« PreviousContinue »
seized them, and were more taken with the mention of their gold than of their starry light; teaching the doctrine of Balaam, to cast a stumblingblock before thy servants, commanding them to eat things sacrificed to idols, and forcing them to fornication? Come therefore, O Thou that hast the seven stars in thy right hand, appoint thy chosen priests according to their orders and courses of old, to minister before thee, and duly to press and pour out the consecrated oil into thy holy and ever-burning lamps. Thou hast sent out the spirit of prayer upon thy servants over all the land to this effect, and stirred up their vows as the sound of many waters about thy throne. Every one can say, that now certainly thou hast visited this land, and hast not forgotten the utmost corners of the earth, in a time when men had thought that thou wast gone up from us to the furthest end of the heavens, and hadst left to do marvellously among the sons of these last ages. O perfect and accomplish thy glorious acts! for men may leave their works unfinished, but thou art a God, thy nature is perfection: shouldst thou bring us thus far onward from Egypt to destroy us in this wilderness, though we deserve, yet thy great name would suffer in the rejoicing of thine enemies and the deluded hope of all thy servants. When thou hast settled peace in the Church, and righteous judgment in the kingdom, then shall all thy saints address their voices of joy
and triumph to thee, standing on the shore of that Red Sea into which our enemies had almost driven us. And he that now for haste snatches up a plain ungarnished present as a thank-offering to thee, which could not be deferred in regard of thy so many late deliverances wrought for us one upon another, may then perhaps take up a harp and sing thee an elaborate song to generations. In that day it shall no more be said, as in scorn, this or that was never held so till this present age, when men have better learnt that the times and seasons pass along under thy feet, to go and come at thy bidding: and as thou didst dignify our fathers' days with many revelations above all the foregoing ages, since thou tookest the flesh, so thou canst vouchsafe to us (though unworthy) as large a portion of thy Spirit as thou pleasest: for who shall prejudice thy all-governing will? seeing the power of thy grace is not passed away with the primitive times, as fond and faithless men imagine, but thy kingdom is now at hand, and thou standing at the door. Come forth out of thy royal chambers, O Prince of all the kings of the earth! put on the visible robes of thy imperial majesty, take up that unlimited sceptre which thy Almighty Father hath bequeathed thee; for now the voice of thy bride calls thee, and all creatures sigh to be renewed.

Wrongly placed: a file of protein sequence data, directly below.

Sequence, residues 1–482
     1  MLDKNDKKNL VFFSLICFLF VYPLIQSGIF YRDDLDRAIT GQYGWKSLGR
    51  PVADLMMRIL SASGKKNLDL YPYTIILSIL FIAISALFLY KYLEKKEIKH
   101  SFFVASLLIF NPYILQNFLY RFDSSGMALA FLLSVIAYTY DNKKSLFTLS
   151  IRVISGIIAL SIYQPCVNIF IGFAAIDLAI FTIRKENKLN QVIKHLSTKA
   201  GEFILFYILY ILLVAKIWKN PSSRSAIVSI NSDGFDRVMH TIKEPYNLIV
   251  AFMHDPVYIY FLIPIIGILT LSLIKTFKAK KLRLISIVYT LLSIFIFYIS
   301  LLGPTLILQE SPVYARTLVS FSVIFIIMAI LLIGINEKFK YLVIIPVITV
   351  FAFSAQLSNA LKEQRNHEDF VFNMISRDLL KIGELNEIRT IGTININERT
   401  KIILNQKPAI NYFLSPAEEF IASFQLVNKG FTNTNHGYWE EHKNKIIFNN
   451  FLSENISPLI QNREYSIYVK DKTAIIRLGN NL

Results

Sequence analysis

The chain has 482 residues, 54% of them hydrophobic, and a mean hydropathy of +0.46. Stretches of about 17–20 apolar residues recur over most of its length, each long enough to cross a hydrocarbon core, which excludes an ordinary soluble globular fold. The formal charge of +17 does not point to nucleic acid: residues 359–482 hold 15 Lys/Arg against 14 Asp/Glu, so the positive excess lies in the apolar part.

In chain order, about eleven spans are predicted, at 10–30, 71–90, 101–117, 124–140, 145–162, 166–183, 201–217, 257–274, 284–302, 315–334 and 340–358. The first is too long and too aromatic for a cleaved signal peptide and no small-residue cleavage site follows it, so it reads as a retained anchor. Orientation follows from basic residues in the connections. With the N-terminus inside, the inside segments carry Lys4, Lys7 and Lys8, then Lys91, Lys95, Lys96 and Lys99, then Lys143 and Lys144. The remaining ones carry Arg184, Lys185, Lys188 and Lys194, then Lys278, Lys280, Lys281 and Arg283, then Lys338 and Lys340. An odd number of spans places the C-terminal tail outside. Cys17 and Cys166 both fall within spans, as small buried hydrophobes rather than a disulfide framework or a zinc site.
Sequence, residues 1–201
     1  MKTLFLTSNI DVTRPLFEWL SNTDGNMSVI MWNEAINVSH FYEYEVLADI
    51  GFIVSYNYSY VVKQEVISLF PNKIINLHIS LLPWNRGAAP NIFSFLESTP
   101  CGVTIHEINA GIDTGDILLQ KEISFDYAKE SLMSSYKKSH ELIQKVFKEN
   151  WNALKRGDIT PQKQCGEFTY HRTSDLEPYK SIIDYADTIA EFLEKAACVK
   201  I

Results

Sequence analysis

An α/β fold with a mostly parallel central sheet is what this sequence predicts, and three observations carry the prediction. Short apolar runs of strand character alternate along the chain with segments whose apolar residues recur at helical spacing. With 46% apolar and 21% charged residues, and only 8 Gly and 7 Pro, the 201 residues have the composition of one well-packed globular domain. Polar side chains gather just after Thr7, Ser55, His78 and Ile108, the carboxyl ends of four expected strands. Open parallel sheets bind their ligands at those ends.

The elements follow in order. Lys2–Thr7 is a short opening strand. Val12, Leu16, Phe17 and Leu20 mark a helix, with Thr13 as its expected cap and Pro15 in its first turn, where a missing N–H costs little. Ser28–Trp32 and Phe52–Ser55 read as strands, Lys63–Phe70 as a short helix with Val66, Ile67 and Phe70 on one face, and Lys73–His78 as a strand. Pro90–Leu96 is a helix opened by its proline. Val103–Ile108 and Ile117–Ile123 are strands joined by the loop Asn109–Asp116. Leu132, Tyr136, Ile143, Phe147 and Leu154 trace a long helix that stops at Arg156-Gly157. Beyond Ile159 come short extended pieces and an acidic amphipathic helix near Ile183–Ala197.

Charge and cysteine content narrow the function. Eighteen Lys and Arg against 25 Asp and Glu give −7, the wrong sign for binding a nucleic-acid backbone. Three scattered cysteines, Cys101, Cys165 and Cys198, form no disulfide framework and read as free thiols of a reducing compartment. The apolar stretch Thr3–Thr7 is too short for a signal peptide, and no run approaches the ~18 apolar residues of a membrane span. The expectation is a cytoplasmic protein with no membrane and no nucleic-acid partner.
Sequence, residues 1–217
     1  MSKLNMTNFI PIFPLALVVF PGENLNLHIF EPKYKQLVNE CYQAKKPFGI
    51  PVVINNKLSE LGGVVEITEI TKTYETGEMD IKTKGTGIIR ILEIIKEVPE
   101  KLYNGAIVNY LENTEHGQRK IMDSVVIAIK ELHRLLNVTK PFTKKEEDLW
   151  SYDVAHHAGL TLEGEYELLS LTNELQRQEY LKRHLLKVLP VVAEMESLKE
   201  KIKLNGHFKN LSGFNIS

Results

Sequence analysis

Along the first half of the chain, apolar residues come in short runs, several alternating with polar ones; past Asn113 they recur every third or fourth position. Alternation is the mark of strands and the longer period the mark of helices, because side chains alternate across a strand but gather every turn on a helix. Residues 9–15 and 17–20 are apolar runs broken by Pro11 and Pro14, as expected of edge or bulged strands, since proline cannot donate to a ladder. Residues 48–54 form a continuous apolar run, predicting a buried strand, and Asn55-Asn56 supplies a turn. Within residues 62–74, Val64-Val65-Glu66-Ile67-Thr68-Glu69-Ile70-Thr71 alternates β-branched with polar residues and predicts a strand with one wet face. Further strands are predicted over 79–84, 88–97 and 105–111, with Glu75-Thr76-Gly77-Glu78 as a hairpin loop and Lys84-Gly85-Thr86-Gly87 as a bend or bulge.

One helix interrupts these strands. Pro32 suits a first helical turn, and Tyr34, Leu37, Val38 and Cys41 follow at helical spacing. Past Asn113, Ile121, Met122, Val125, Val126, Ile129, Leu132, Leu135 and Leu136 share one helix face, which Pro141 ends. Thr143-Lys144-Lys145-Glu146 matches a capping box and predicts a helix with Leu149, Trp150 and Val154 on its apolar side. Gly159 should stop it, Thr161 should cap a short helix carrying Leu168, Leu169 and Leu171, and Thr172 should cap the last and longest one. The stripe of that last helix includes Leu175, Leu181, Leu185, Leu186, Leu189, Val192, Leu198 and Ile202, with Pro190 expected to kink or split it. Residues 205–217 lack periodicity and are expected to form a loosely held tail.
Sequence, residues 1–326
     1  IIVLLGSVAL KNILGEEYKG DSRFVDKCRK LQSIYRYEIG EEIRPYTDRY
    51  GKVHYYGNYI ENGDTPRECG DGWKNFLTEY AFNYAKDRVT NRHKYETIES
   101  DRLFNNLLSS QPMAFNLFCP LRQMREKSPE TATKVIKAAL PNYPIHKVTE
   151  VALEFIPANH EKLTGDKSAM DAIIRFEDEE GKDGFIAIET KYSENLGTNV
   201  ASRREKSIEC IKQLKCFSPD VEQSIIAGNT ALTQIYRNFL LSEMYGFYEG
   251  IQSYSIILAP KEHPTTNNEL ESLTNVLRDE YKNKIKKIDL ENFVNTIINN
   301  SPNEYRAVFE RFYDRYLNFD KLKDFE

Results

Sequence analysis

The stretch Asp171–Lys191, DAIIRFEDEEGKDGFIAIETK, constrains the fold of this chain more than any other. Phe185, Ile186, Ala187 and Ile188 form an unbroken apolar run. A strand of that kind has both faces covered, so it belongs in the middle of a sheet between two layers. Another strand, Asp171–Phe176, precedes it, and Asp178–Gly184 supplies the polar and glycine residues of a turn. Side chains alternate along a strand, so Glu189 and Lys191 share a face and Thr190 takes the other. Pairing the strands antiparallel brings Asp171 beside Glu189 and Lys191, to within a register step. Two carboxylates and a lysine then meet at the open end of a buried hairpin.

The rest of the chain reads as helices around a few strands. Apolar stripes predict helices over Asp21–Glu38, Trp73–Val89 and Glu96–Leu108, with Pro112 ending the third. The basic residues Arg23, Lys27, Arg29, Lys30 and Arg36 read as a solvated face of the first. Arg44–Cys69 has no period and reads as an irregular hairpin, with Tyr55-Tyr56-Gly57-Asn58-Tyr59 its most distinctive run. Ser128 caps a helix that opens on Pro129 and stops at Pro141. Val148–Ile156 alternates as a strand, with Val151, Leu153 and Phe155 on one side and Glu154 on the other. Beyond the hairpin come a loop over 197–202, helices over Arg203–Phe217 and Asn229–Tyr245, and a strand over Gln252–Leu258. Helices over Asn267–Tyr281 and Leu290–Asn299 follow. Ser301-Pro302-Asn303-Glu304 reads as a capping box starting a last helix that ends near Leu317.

As for ordination, what is it, but the laying on of hands, an outward sign or symbol of admission?
It creates nothing, it confers nothing; it is the inward calling of God that makes a minister, and his own painful study and diligence that manures and improves his ministerial gifts.
We cannot therefore do better than to leave this care of ours to God: he can easily send laborers into his harvest, that shall not cry, Give, give, but be contented with a moderate and beseeming allowance; nor will he suffer true learning to be wanting, where true grace and our obedience to him abounds: for if he give us to know him aright, and to practise this our knowledge in right-established discipline, how much more will he replenish us with all abilities in tongues and arts, that may conduce to his glory and our good! He can stir up rich fathers to bestow exquisite education upon their children, and so dedicate them to the service of the Gospel; he can make the sons of nobles his ministers, and princes to be his Nazarites; for certainly there is no employment more honorable, more worthy to take up a great spirit, more requiring a generous and free nurture, than to be the messenger and herald of heavenly truth from God to man, and, by the faithful work of holy doctrine, to procreate a number of faithful men, making a kind of creation like to God's, by infusing his spirit and likeness into them, to their salvation, as God did into him; arising to what climate soever he turn him, like that Sun of Righteousness that sent him, with
healing in his wings, and new light to break in upon the chill and gloomy hearts of his hearers, raising out of darksome barrenness a delicious and fragrant spring of saving knowledge, and good works.
AN APOLOGY FOR SMECTYMNUUS.
FOR doubtless that indeed according to art is most eloquent, which turns and approaches nearest to nature, from whence it came; and they express nature best, who in their lives least wander from her safe leading, which may be called regenerate reaSo that how he should be truly eloquent who is not withal a good man, I see not.
For as in teaching, doubtless, the spirit of meekness is most powerful, so are the meek only fit persons to be taught: as for the proud, the obstinate, and false doctors of men's devices, be taught they will not, but discovered and laid open they must be.
For how can they admit of teaching, who have the condemnation of God already upon them for refusing divine instruction? That is, to be filled with their own devices, as in the Proverbs we may read therefore we may safely imitate the method that God uses, "with the froward to be